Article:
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Canada

Executive Summary

Canada is a constitutional monarchy with a federal parliamentary government. In a free and fair multiparty federal election held in October 2015, the Liberal Party, led by Justin Trudeau, won a majority of seats in the federal parliament and formed a government.

Civilian authorities maintained effective control over the security forces.

The principal human rights problems included violence against women, disparities in living conditions between indigenous and nonindigenous peoples, and trafficking in persons.

The government took steps to investigate, prosecute, and punish all officials who committed violations, whether in the security forces or elsewhere in the government.

Section 1. Respect for the Integrity of the Person, Including Freedom from:

a. Arbitrary Deprivation of Life and other Unlawful or Politically Motivated Killings

There were no reports the government or its agents committed arbitrary or unlawful killings.

b. Disappearance

There were no reports of politically motivated disappearances.

c. Torture and Other Cruel, Inhuman, or Degrading Treatment or Punishment

The law prohibits such practices, and there were no reports that government officials employed them.

Prison and Detention Center Conditions

There were no significant reports regarding prison or detention center conditions that raised human rights concerns.

Physical Conditions: According to the governmental statistical agency’s most recent figures, in 2014-15 there were on average approximately 39,625 inmates, pretrial detainees, and remand prisoners in federal and provincial correctional institutions, which had an official capacity of 38,771. The remand population exceeded the sentenced population. The national double-bunking rate (the practice of confining two inmates in a cell designed for one) in federal facilities was 19 percent in 2013-14.

The federal correctional investigator’s report for 2014-15 identified recourse to “administrative segregation” or solitary confinement by federal correctional services to manage crowded institutions and high-needs inmates as a concern. The correctional investigator, an independent prison ombudsman, urged authorities to cap the time inmates spend in segregation and to develop a policy framework to guide the use of segregation, including prohibiting the use of long-term segregation (beyond 15 days) for inmates with mental disabilities. Correctional Services Canada reported that the number of federal inmates held in solitary confinement for 120 days or more fell from 498 to 247 (a 51 percent drop) from March 2015 to March 2016, in part due to diversion of inmates with mental disabilities to treatment programs as an alternative to segregation.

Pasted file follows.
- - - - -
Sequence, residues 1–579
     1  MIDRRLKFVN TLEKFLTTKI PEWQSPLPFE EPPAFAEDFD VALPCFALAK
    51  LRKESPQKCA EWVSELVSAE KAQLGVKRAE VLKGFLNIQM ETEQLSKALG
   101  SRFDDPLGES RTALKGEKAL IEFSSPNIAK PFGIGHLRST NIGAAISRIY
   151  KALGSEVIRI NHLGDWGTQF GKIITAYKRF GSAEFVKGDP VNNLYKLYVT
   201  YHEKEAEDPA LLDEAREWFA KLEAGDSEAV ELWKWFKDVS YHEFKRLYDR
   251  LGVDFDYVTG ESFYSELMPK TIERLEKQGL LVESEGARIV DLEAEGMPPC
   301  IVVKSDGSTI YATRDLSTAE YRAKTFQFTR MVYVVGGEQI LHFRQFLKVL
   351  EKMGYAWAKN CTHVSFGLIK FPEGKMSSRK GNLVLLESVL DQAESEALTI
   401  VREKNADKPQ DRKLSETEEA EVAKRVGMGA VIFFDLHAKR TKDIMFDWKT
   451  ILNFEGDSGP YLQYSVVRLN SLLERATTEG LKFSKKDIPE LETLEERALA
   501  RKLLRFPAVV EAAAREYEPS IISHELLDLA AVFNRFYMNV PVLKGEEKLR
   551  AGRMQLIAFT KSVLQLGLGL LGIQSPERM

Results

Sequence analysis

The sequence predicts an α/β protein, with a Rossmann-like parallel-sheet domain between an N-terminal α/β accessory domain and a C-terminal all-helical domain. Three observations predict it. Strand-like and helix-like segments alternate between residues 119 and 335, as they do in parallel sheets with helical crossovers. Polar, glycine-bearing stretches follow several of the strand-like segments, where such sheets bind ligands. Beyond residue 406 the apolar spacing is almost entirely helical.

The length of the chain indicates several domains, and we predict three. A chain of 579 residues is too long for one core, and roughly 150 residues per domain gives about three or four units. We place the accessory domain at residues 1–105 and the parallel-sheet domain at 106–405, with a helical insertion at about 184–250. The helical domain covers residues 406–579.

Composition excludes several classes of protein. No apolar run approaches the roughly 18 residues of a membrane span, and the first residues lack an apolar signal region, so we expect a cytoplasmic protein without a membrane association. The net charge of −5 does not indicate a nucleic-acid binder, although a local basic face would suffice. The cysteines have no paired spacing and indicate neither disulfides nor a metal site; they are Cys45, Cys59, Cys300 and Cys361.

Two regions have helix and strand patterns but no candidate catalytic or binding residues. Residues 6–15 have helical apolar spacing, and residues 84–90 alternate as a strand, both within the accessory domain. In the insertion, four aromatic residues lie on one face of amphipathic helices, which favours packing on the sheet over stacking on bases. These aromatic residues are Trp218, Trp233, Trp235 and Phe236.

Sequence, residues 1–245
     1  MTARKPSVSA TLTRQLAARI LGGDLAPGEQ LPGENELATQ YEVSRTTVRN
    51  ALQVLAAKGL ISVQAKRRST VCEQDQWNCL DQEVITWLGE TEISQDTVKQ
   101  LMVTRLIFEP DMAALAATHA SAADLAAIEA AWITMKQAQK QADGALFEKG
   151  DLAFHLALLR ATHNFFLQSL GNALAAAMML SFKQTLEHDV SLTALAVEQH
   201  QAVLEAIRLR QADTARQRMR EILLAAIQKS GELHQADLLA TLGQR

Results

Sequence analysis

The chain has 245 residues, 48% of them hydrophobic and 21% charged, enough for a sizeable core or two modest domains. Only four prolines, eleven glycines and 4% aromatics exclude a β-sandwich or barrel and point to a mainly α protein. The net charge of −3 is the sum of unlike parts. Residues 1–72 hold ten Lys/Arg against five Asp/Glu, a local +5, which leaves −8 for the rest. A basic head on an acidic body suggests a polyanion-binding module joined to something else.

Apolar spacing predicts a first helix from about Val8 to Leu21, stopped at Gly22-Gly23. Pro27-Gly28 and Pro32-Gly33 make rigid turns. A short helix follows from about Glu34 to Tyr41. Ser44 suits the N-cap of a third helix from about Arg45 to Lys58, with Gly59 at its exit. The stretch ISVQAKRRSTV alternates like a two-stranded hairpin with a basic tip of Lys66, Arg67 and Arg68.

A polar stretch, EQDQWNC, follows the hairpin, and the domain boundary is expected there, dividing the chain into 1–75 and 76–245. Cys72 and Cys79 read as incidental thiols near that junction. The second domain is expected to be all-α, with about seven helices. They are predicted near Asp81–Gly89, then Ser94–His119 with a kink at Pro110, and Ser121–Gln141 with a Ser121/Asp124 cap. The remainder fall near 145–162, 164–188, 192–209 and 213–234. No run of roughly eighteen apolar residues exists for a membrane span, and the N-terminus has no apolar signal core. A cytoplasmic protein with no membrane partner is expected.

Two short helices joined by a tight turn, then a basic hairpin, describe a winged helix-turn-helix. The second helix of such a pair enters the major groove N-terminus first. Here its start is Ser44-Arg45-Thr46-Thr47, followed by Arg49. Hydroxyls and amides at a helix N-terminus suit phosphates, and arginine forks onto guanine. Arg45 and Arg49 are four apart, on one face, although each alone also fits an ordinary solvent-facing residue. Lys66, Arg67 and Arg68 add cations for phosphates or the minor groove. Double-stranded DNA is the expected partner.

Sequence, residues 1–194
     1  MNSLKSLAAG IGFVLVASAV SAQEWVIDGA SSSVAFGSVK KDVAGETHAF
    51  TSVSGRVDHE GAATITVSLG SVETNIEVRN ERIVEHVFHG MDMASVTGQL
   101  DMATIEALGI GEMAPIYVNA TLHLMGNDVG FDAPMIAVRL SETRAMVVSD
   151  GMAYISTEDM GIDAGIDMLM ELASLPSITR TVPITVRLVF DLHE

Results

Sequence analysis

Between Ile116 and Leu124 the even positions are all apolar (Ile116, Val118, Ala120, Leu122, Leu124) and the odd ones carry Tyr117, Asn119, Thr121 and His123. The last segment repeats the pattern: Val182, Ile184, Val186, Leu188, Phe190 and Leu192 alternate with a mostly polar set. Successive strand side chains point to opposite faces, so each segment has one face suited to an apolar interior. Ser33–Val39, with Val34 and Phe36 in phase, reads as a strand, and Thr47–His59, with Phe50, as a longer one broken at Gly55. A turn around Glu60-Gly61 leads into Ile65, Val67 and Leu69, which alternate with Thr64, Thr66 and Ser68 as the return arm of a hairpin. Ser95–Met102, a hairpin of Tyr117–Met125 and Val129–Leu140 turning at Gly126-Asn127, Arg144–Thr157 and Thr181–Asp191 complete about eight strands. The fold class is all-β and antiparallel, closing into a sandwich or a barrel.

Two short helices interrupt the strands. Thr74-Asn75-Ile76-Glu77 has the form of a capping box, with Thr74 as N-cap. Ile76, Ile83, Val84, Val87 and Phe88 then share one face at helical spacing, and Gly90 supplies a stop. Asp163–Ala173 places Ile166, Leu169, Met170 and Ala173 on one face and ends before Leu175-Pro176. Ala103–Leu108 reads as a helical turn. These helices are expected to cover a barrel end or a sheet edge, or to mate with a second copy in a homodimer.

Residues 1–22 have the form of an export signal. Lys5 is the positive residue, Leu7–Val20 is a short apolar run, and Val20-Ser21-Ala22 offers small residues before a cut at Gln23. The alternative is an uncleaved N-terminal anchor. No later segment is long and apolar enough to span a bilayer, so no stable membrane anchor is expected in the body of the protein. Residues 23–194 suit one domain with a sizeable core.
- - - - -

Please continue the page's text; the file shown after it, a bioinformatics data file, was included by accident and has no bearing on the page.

In May the Ontario ombudsman recommended the government end the practice of extended solitary confinement in provincial prisons. The ombudsman’s report also recommended prison personnel receive training on the mental health effects of long-term solitary confinement and legislated maximums for periods of solitary confinement.

In October the Ontario provincial government transferred an indigenous prisoner out of solitary confinement after he spent more than 1,500 consecutive days in a cell under continuous artificial light for 23 hours each day while awaiting trial. Ontario’s Human Rights Commissioner flagged this case to prison authorities who then moved the man to a different cell. In October the Ontario Minister of Community Safety and Correctional Services announced a 15- day limit on the number of consecutive days inmates can be held in solitary confinement (down from the present 30-day guideline), effective immediately. The minister also announced that each detention facility would establish segregation committees that would meet weekly and review the cases of prisoners in solitary confinement. The minister said jails should use solitary confinement as a measure of last resort under the least restrictive conditions available and ordered an independent review of policies and practices in Ontario jails. Advocates for prisoners said the changes were insufficient.

The Correctional Investigator’s Office reported 10 nonnatural deaths (including suicide) in federal custody in 2014-15, the latest available figures.